Eyebrows (and middle fingers) were raised earlier this week when it was announced that was Lyor Cohen was resigning from his post at Warner Bros. But according to the NY Daily News, he’s set to launch his own talent management company.
“He’s working to bridge the gap between label and management,” says a second source, indicating Cohen wants to help record companies and bands work together more cohesively. “He has for some time now.”
After eight years, Warner Music Group announced that Lyor Cohen is leaving his position as Chairman/CEO. No word as to who will takeover, but it’s rumored former EMI CEO Roger Saxon will take position. Says Lyor:
To all the artists and employees who live and die for the music every day, and who personally sacrifice for the good of the creative process: ‘keep on keepin’ on’ in the tradition of a company that respects and honors the artistic community.”
Warner Music Group CEO Stephen Cooper added:
“Lyor Cohen has built something very special here. While we understand his desire to move on to his next challenge, the enduring success of our recorded music division will serve as a great testament to the progress we’ve made during Lyor’s time at WMG. We are grateful for Lyor’s contributions, and we wish him the best. I’m confident that given the strength of our talented management team in Recorded Music, we’ll be able to drive further success.”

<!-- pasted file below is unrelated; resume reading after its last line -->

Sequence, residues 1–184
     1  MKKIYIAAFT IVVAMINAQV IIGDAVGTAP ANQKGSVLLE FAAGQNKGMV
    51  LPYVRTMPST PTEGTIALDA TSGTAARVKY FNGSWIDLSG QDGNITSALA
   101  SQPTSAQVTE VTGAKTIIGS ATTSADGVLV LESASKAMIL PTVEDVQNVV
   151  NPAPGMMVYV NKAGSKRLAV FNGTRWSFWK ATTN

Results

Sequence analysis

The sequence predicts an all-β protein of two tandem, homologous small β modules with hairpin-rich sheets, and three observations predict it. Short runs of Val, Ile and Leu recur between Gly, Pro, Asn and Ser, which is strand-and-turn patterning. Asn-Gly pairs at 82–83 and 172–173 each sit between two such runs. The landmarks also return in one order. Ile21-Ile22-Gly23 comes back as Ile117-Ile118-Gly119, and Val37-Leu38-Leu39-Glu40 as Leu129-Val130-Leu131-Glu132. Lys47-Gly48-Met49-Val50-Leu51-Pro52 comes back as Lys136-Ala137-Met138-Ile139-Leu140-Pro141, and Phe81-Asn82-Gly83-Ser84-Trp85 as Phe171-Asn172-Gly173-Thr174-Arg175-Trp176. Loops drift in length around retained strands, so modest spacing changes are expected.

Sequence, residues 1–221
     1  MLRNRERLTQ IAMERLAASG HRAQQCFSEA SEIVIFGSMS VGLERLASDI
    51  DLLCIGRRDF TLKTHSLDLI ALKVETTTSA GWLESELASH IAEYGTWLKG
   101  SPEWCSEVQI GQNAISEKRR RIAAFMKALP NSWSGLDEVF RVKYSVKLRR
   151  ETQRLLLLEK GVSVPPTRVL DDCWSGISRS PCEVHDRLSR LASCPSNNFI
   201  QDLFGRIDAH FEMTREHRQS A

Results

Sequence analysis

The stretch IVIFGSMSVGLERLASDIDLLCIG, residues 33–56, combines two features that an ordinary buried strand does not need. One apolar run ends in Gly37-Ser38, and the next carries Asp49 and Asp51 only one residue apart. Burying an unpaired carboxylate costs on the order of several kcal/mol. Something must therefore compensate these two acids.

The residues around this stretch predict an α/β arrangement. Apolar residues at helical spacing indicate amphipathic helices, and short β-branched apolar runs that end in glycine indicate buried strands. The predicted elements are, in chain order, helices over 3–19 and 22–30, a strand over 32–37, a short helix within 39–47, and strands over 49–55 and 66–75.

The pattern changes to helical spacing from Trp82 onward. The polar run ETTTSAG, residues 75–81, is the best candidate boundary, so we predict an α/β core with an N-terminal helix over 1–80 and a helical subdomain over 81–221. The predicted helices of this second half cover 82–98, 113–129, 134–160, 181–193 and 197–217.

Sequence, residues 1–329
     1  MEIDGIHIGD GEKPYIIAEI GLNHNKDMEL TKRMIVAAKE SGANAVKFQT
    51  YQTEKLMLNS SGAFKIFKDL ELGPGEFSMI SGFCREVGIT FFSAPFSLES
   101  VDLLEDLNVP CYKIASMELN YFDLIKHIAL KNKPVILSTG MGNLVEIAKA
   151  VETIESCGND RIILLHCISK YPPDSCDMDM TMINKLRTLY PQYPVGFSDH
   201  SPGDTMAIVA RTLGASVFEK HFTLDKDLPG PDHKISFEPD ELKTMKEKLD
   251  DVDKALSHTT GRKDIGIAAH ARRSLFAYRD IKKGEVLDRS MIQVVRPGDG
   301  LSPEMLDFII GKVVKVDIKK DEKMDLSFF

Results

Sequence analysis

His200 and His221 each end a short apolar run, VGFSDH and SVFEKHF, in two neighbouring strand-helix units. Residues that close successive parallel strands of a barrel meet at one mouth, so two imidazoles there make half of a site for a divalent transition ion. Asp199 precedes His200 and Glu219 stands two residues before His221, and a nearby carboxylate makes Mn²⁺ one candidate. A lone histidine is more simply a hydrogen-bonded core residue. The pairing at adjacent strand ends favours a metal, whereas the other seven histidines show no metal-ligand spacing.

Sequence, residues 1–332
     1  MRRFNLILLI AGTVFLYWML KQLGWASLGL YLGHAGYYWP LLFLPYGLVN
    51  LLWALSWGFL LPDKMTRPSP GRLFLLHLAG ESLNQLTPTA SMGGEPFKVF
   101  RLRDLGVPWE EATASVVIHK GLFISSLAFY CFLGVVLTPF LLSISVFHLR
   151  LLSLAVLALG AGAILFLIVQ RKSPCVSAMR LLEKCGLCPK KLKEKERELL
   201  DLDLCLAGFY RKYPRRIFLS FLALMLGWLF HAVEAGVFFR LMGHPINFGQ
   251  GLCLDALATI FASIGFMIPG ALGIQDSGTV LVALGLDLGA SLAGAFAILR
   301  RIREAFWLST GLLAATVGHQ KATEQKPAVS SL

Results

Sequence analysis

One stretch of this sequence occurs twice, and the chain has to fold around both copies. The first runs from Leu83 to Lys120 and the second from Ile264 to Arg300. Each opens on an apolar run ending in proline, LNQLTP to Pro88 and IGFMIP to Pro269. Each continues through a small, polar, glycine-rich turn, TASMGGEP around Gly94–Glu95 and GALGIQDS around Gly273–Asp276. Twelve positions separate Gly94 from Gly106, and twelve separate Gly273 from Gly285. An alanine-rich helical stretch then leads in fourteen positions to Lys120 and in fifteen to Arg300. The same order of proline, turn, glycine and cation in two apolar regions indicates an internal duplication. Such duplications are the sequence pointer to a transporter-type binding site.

This flick of Lyor Cohen was snapped last year during Drake’s gig at S.O.B’s . Today though, Complex posted their interview with the Warner Music CEO. In a excerpt below, he speaks on not securing Drizzy to the label.
Speaking of new artists, many people were expecting Drake to sign with you at Warner Music. Did it disappoint you that he ended up going with Universal Motown?
Lyor Cohen: A very disappointing thing. But I’m a lover of rap music. I want good things to happen to this industry. I have so much good fortune and already have everything. I feel like we have a terrific company, and we’re very old-school in that once we grip someone’s hand, fundamentally we believe that’s a deal. But that’s not this generation. They’ll grip someone’s hand and say they’re coming, but if someone offers them more they will renege. That’s not how we get down.
Did Drake do that?
Lyor Cohen: I’ll keep that between Drake and myself.
Real Talk: This guy being at the Drake show the other day caused more of a stir than you favorite rapper. Lyor Cohen is the Don Dada of music industry ball busters. Fuck a Pause. And fuck your camera. Historically: This guy is known for flippin’ the bird. Word.